BY MUHAMMAD SIDDIQ – As a country with nearly 30% of its population comprised of immigrants and their children, the United States is no stranger to controversy regarding immigration policy. Factors such as the income disparities between developing and developed countries have had people moving around for centuries. The policymakers of the nations receiving these people must weigh competing economic, security, and humanitarian interests resulting in constant political debate.  With the recent election season and the inauguration of President Donald Trump, it seems that the issue of immigration is at the forefront of political discussion in this country.

Immigration has always played an important role in American history. Prior to the Civil War and “era of rapid communications and transportation,” the United States encouraged open immigration to settle its land. Following the Civil War, several states began passing immigration laws, bringing national attention to the issue. In 1891, the Immigration Service was established to inspect and process immigrants seeking admission to the United States. The thirty years following the creation of the Immigration Service saw the creation of numerous immigration services such as Ellis Island in 1982. In 1924, following a period known as the “Great Wave,” when nearly 24 million immigrants arrived in the United States, Congress created the U.S. Border Patrol. A combination of immigration policy, World War II and the Great Depression resulted in very little immigration over the next couple decades. In the 1950s and 60s, the United States began trying to attract skilled immigrants to the United States. A formal agreement between the United States and Mexico in 1951 allowed the United States to permanently employ seasonal agricultural labor from Mexico as they had during World War II. It was during these decades that the sources of immigration shifted from mainly European countries to Asia and Latin America. In 1980, the United States passed the Refugee Act, finally creating a general policy governing the admission of refugees . As the ease of modern travel increased, the 1980s and 90s saw new challenges such as the increase of illegal immigration. Laws were created for the deportation of those found working illegally as well as allowing aliens to legalize their residence. Congress passed the Illegal Immigrant Reform in 1996 and Immigrant Responsibility Act which resulted in the hiring of more border patrol and Immigration and Naturalization Service agents (Center for Immigration Studies).  Immigration policy took another turn following the events of 9/11. Since then, American immigration law has been focused on border security and the removal of criminal aliens to protect the nation from terror.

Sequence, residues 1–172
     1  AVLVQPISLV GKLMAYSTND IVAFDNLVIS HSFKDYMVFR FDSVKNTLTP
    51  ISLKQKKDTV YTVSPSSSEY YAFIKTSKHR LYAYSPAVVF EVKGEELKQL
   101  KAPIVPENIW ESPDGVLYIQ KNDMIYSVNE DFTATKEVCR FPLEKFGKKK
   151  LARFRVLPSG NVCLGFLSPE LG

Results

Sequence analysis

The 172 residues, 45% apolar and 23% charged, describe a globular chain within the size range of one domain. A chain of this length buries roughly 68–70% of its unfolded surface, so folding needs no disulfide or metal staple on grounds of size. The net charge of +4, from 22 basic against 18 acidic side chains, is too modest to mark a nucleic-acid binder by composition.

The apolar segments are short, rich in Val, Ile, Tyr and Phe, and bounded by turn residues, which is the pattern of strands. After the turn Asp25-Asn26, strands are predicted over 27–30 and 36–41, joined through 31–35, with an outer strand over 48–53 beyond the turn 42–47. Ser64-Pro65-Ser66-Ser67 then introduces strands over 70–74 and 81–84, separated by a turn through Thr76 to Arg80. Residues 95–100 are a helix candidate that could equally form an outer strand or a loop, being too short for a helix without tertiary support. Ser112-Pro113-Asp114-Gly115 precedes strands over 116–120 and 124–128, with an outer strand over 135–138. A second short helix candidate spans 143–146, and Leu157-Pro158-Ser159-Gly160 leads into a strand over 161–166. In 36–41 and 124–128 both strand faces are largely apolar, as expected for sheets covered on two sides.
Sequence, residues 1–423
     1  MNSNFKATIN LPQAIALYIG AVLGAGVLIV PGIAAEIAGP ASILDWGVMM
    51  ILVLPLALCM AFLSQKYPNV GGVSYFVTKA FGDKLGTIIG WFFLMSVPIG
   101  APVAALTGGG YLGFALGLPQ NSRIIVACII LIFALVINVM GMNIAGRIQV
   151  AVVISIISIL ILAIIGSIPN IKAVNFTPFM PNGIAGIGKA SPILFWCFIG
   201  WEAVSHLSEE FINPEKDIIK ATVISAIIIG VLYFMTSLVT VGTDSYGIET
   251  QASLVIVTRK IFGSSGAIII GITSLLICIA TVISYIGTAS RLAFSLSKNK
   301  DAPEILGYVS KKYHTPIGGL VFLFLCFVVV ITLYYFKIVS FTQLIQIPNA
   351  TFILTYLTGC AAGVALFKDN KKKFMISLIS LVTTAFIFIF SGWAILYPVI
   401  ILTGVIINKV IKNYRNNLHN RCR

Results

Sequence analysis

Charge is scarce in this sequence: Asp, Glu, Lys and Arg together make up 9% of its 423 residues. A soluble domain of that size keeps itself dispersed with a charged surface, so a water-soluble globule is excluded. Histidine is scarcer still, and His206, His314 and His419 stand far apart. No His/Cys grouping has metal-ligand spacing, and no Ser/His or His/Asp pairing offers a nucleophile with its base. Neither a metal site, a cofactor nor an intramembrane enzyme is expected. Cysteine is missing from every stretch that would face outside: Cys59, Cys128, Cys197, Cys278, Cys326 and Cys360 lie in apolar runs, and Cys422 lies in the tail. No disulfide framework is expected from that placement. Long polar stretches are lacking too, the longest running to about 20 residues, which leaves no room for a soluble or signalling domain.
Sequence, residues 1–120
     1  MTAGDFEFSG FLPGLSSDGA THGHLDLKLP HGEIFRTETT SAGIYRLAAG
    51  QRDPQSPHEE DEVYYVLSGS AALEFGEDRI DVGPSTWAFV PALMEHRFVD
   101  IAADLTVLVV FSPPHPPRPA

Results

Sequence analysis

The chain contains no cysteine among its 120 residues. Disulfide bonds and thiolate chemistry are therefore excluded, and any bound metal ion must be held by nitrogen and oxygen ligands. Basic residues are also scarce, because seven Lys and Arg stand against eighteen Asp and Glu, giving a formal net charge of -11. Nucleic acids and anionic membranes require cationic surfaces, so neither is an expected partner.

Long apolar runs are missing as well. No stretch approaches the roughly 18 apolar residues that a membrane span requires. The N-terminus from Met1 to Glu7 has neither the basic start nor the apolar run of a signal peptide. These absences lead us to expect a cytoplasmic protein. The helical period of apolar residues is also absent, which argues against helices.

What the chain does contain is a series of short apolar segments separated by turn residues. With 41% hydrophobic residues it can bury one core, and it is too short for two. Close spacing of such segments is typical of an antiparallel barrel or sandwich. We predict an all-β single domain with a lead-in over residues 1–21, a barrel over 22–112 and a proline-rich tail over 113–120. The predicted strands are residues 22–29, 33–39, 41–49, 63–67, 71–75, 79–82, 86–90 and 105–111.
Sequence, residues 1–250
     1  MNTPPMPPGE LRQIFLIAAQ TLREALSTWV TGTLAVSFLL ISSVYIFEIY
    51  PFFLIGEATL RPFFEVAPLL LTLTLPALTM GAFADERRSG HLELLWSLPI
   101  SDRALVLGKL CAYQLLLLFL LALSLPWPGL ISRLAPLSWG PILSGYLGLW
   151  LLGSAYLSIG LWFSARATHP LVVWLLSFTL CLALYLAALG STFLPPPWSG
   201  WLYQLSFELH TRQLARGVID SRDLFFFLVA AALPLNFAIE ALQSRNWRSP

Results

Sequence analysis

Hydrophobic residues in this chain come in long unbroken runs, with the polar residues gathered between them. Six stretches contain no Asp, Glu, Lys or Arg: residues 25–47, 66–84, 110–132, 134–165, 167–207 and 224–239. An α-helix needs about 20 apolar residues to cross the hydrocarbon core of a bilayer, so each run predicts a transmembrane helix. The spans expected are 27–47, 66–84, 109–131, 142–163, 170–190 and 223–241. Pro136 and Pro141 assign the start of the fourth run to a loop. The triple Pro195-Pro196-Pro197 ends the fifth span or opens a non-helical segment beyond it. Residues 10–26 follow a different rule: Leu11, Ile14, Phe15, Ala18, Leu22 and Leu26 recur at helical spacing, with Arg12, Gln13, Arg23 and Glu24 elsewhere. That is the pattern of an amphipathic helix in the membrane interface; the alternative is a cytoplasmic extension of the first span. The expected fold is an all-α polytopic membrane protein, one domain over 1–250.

Immigration policy today focuses on many of the same issues it has in the past: national security, economic concerns and humanitarian relief. With many Americans up in arms over illegal immigration and security concerns, President Donald Trump made immigration one of the cornerstones of his presidential campaign. Popular belief in today’s society is that immigrants are taking jobs from American citizens and that immigrants pose a security threat. President Trump’s controversial immigration plan presented several ideas to curb illegal immigration and protect national security. Trump’s plan included several controversial pieces including building a wall on the United States-Mexico border, cutting legal immigration significantly, hiring additional border patrol and Immigrations and Customs employees, and enforcing a travel ban that would block citizens of six predominantly Muslim countries from entering the United States. To no surprise, Trump’s immigration policy was met with heavy backlash and deemed by many as unconstitutional. Trump’s travel ban especially, has been deemed by many as discriminatory rather than an actual solution to potential security threats. Many view the idea to build a wall on the United States-Mexico border as a waste of energy and resources, even if Trump were to somehow make Mexico pay for it. Curbing legal immigration would have significant impact on certain industries and the economy as a whole. While President Trump has not been able to implement many of his ideas regarding immigration yet, he has certainly sparked significant debate over these issues.